Payers Report an Increase in Use of Genomic Markers

Therapies for chronic conditions are increasingly being subjected to utilization management tools, according to ICORE Healthcare's 2011 Medical Pharmacy & Oncology Trend Report.

Therapies for chronic conditions are increasingly being subjected to utilization management tools, according to ICORE Healthcare’s 2011 Medical Pharmacy & Oncology Trend Report.

Genomic markers will continue to be an increasingly important tool to match the therapeutic effect of a specialty medication with a patient’s genomic information, according to the research included in the second edition of ICORE Healthcare’s 2011 Medical Pharmacy & Oncology Trend Report.

To determine positive treatment outcomes, many health plans have already structured their benefit design to require genomic testing. According to the ICORE report, 6 in 10 members are subject to an Oncotype DX test before chemotherapy. HER2 testing in advance of breast cancer therapy and KRAS testing in advance of colorectal cancer are also the norm for 4 of every 5 members across health plans. If receiving therapy for HIV, 1 in 3 patients are required to undergo a test for CD4 count. According to ICORE numbers, the number of lives required to undergo genomic tests increased. For example, from 2010 to 2011, there was an increase in the use of Oncotype DX from 56% to 60% lives, and the use of tests measuring CD4 count increased 32%.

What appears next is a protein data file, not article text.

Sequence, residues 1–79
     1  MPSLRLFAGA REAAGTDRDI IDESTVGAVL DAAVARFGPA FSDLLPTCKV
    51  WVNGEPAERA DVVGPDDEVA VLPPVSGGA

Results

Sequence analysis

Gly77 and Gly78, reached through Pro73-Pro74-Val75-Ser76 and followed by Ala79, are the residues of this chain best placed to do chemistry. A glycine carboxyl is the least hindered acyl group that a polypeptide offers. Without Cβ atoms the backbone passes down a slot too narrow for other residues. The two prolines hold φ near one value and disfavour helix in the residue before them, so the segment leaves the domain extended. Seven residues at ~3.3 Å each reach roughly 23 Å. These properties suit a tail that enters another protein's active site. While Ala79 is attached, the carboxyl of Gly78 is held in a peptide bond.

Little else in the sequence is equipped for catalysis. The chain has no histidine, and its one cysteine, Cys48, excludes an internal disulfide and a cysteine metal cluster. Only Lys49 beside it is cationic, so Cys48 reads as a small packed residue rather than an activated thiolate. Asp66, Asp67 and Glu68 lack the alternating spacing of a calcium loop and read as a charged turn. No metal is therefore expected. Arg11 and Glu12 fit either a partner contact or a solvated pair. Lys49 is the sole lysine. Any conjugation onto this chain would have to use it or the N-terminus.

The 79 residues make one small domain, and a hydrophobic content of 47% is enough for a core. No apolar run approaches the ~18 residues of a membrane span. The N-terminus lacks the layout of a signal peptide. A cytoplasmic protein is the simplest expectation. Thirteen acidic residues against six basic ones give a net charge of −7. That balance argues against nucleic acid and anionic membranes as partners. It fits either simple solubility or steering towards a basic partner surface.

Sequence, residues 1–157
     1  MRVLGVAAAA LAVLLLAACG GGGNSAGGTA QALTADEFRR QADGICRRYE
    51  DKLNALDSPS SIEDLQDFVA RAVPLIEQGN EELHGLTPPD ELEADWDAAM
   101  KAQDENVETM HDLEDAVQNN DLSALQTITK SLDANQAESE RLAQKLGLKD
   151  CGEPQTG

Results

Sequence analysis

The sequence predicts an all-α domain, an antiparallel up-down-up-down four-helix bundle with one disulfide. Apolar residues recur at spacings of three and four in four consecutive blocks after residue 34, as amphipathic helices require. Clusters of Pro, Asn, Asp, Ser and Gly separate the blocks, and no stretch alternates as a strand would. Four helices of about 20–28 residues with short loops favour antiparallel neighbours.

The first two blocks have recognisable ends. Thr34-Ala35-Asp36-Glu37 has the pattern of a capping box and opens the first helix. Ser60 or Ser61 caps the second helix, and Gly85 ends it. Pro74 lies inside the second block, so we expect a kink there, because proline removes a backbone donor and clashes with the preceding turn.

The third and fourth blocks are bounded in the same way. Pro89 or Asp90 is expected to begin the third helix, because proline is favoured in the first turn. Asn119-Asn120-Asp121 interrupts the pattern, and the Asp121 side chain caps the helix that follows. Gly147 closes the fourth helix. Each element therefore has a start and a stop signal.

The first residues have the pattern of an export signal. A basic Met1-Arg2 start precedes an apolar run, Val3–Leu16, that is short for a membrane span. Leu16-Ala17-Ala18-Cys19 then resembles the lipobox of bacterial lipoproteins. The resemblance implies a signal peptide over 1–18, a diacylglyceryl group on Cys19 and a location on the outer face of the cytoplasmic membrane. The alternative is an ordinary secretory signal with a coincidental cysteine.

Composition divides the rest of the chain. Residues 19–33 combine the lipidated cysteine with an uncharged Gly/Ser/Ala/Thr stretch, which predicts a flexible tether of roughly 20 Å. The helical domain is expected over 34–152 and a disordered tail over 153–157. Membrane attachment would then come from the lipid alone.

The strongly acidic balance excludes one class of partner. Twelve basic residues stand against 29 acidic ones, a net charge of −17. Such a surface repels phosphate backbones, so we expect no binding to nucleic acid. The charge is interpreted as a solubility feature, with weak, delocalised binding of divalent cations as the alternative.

Common utilization methods employed by payers include:

  • Prior authorization
  • The National Comprehensive Cancer Network guideline adherence
  • Step therapy, or using the safest and cost-effective therapy first
  • Genetic tests prior to initial therapy
  • Post-claims edits for appropriate diagnosis
  • Retrospective drug utilization review, which is a comprehensive review of patients' prescription and medication data before, during, and after dispensing to minimize inappropriate prescribing

The ICORE report noted that many payers are contemplating coverage rules for breast cancer susceptibility genes and epidermal growth factor receptor. With more than 100 agents for breast cancer in the pipeline in either phase 2 or phase 3 trials, the report predicts an uptick in the use of these tools to gauge the therapeutic effect of new drugs entering the marketplace.